It’s pure coincidence that autism—a broad term used to describe a spectrum of behaviors our society has deemed “aberrant”—became known and more widely diagnosed at the same time medical cannabis use was normalized in the United States.
The timing alone meant it was probably inevitable that weed would be used to try and “treat” autism, which affects one out of every 68 children born in the country and has no known “cure,” but there’s also the handy and salient fact that, according to a heap of anecdotal evidence, CBD-rich cannabis oil seems to help.
A growing body of clinical research attesting to cannabis’s success in treating autism continues to expand. In one of the latest studies, published in the most recent issue of the journal Frontiers in Neurology, patients with autism receiving “CBD-enriched” cannabis oil showed vast improvements in social interaction and communication, as well as other neurological benefits.
The first cannabis-based pharmaceutical drugs allowed in the United States have been to treat children with severe epilepsy. The conditions in the brain that lead to epileptic seizures may also somehow be related to the conditions—the “etiological mechanisms,” in researcher-speak—that lead to non-epileptic autism.
The cannabinoid that appears to treat these conditions is CBD, or cannabidiol, which appears to have value as a “neuroprotectant,” an intervention that allows the brain to function “better,” as well as an anti-inflammatory agent. So there’s some logic, as well as science, behind the approach.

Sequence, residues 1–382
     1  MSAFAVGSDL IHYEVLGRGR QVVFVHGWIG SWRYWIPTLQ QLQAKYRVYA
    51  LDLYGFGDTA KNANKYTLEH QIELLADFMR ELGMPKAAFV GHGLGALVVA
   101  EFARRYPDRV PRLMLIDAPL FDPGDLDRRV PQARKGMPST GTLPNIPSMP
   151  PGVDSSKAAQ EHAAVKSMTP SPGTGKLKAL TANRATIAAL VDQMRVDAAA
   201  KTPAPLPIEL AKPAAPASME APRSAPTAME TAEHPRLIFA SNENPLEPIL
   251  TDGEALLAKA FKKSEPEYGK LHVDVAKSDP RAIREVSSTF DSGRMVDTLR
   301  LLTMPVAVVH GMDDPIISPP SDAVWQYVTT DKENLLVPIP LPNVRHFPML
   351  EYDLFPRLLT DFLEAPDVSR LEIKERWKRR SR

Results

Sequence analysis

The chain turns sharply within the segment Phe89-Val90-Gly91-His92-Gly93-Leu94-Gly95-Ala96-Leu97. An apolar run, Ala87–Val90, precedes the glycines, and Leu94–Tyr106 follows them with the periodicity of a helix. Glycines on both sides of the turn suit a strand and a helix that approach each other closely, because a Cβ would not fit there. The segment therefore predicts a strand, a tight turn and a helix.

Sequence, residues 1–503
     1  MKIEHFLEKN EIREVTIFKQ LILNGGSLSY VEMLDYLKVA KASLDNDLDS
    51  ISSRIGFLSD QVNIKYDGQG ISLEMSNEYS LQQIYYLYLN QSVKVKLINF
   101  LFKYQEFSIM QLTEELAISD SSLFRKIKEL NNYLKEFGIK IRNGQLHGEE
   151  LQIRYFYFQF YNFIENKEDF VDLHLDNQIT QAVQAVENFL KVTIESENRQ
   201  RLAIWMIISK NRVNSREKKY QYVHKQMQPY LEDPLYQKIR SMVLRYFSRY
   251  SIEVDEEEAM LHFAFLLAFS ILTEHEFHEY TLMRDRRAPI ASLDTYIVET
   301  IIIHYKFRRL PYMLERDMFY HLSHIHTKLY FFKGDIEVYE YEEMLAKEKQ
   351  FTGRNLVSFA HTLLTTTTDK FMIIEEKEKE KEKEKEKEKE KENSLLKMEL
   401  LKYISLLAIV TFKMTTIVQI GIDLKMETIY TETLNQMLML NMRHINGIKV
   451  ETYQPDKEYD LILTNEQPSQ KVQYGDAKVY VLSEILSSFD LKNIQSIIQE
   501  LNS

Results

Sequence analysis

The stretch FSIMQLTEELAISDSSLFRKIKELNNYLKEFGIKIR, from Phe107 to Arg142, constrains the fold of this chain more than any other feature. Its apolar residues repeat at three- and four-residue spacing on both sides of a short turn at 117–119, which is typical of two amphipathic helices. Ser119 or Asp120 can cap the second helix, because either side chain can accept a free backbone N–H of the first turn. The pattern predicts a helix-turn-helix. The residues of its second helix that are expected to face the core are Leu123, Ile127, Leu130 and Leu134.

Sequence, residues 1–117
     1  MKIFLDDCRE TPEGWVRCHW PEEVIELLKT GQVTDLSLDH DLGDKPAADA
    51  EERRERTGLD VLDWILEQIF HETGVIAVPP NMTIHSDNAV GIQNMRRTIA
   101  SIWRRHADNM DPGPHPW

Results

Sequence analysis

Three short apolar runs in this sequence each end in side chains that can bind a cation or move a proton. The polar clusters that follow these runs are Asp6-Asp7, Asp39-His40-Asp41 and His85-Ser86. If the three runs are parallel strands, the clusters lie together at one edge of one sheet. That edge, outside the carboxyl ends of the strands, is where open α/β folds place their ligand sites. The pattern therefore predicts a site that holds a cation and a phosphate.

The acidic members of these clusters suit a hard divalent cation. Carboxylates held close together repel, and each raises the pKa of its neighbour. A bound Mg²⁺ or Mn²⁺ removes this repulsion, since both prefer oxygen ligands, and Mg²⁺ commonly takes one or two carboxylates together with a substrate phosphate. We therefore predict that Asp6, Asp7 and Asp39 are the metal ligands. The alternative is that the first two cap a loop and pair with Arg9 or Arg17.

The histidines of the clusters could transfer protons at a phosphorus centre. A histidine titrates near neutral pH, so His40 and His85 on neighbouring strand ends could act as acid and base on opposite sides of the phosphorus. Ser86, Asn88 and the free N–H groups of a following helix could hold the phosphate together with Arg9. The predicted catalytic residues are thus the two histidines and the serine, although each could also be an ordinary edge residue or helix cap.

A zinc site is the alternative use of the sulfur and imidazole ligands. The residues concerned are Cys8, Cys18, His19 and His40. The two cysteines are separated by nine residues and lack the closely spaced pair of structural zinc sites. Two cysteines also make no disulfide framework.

In this most recent study, researchers in Brazil monitored the progress of 18 patients with autism over a period of up to nine months. Each of the patients received a CBD-rich cannabis sativa extract with a CBD to THC ratio of 75 to 1. The patients received 4.6 milligrams of CBD per kilogram of body weight to 0.06 milligrams of THC—a not insignificant dose for someone weighing more than 100 pounds.
Three patients discontinued the treatment because of “adverse effects” during the first month, but of the 15 who continued, 14 showed “some level of improvement” in multiple categories of symptoms.
Nine of the patients—the ones who did not also have epilepsy as well as autism—showed “improvement equal to or above 30%” in at least one of the categories monitored, and four patients showed significant improvement in at least four categories, including social interaction and function, as well as the ability to sleep and stay focused.
It’s hard to say with certainty whether the CBD was doing the work or was merely one tool in a box doing its share of the work. But as the researchers noted, 10 of the 15 patients were on other medications prior to starting the study—and nine of the 10 still showed improvement after cutting out or reducing their other, non-cannabis medications.
As it happens, the pharmaceutical industry seems well aware of this potential: GW Pharmaceuticals, which patented and markets Epidiolex, the drug for epileptic children, is also working on developing a cannabis-derived drug that would be used to treat autism, as CNN’s Sanjay Gupta reported in September.
But this enthusiasm is not yet shared by researchers and doctors whose job it is to treat the condition.
“To date, there is limited research, and no evidence, on the potential short-term, long-term or neurodevelopmental risks and benefits of medical marijuana or its related compounds in ASD,” the Autism Science Foundation says on its website.
They’re not entirely wrong—there does need to be more evidence and successful clinical trials, including standardized dosing, before experts can endorse such a treatment—but it also seems clear that many parents and caretakers are unwilling to wait and happy to try cannabis. That’s why a growing number of states where medical cannabis is legal, including Texas, allow patients with autism to access cannabis oil.